All in all, a good movie. Entertaining and, despite being #4, surprising. 4 out of 5 stars.

Saturday, May 21, 2011

34th & 6th

This is the scene in front of me: my clothes are laid out out on my suitcase, drying out from being caught in a crazy, electric thunderstorm while wandering down Lexington from Central Park; Victoria Secret pink stripes, Macy's red, Daffy's yellow and Little Brown Bags are littered about, with frothy nothings spilling out; Ellie, the cat, is sprawled at the foot of the bed, having just snuggled us hello.  The last two days have been spent in a way that I can only imagine living in New York would be spent.  I've eaten, shopped and caught some shows... but really it's the stuff in between that makes the trip (so far) so fun.

But first, we had to get here and that in itself was enough of an adventure.  Our flight was at 0630 and so we left at 0500 to get there for sixty minutes before departure (as recommended).  Without getting into all the details, let's just say that the Lady and Fog made it so we didn't arrive in NYC until almost 1400.  After dropping our stuff off at our "hotel" (read as: picked up the key to ExPat's place), we walked up ten blocks to pop into my cousin's restaurant for lunch, before heading down to Macy's for some light perusing.  By the time we actually met up with ExPat, it was time for dinner, and we headed up to the NYC institution, ShakeShack in Madison Square Park.  Some of the most delicious burgers ever were found there.  Bedtime was perfect and I slept for 10 hours, uninterrupted even by a blow-up air mattress pump at 2am.

Monday, May 16, 2011

Now Playing: Priest

Sometimes, I don't know what makes me do it.  Is it the proximity to the theatre?  The super-cheap tickets?  The lack of alternative entertainment?  I don't know.  What I do know is that I spent a Friday afternoon watching Priest, starring the under-utilised Paul Bettany and kickassery of Maggie Q.  (Did you know that Q is the new Nikita?  I was doubtful of her ability to replace Peta Wilson; I no longer doubt.)  The movie was not good.  Again, I don't know why, really.  The special effects were decent, the storyline, while thin, was okay and you really couldn't get a cooler bad guy than Karl Urban.  It just felt... rushed. Lots of things were glossed over, like is this the past or the future or an alternate reality or an alternate past what?  And what happens when you get infected - do you become a vampire or a familiar?  And why, in a world of vampires,  would a city decide on a design that didn't maximise sunlight?  The movie does not hold up to analysis.  2 out 5 stars.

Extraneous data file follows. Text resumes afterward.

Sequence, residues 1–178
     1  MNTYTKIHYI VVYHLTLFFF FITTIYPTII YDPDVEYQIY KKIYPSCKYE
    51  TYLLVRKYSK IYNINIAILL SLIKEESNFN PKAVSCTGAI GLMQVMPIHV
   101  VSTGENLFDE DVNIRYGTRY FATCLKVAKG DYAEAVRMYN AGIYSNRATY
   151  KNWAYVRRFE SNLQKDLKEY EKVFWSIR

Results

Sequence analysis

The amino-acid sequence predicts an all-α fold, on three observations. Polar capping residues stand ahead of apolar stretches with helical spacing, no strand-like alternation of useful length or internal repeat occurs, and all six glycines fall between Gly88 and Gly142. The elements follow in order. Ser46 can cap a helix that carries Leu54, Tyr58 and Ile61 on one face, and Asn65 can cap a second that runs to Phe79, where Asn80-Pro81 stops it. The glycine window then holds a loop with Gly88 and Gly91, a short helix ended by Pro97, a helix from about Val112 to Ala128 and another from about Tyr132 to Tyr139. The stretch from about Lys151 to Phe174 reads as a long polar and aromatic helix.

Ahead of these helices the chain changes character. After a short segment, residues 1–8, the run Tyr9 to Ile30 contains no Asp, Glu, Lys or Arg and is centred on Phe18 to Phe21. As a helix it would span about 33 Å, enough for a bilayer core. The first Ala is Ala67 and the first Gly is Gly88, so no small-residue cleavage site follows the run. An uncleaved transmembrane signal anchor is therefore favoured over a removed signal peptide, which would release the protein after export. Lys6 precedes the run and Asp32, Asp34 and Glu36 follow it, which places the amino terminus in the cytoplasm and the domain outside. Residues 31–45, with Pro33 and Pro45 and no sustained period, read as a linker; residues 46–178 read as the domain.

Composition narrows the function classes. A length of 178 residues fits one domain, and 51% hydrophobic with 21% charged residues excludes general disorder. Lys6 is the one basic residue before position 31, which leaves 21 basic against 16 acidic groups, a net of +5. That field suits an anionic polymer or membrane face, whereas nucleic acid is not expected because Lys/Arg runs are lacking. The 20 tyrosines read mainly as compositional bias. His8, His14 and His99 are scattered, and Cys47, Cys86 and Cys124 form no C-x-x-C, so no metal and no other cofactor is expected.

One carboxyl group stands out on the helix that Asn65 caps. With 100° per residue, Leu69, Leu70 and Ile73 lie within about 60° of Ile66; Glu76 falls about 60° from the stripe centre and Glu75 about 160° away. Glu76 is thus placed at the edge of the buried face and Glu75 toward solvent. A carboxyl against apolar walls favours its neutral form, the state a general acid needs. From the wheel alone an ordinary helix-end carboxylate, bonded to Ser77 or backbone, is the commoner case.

small fries

If you can imagine it, imagine this: a woman writes you a letter and in it she says that her and her family will be moving to Canada in six months.  You don't really know this woman.  You are somehow related, since her husband is the youngest child of your youngest aunt, neither of whom you've met.  You being the oldest child of the oldest sibling, there's over thirty years between you and this woman.  She writes in her letter that they don't know anyone in Canada and is asking for your help - could you recommend a place to stay?  someone to call?  ...How would you know?  You've been living here for over twenty-five years.  You have a crazy idea and, as you look around your two-bedroom condo on the quiet side of the DVP, you decide to talk to your wife about it when she gets home from work.  You're retired, she's about to and you have a new home in Barrie that is going to be your retirement present to yourselves.  That night, after dinner, you pen a letter back to the woman and tell her your crazy idea: why not come and stay with us?

I have no idea what my Uncle Len was thinking when he extended that offer to my mom, my dad, me and my (still a baby) brother.  The only reason my mom had his address was because she had been polite enough to send Thank-You cards to everyone who so much as RSVP'd to their wedding.  As a result, she was in regular correspondence with my Uncle Len, whose distinctive "ruler-writing" made his letters so recognisable.  In his later years, that writing would be the only part of him that didn't give in to age.  He and dad were indeed first cousins, but had never so much as exchanged words on the telephone (not like we had a telephone to make this easy).  And when we arrived at the airport, it was Uncle Len who recognised our young family first.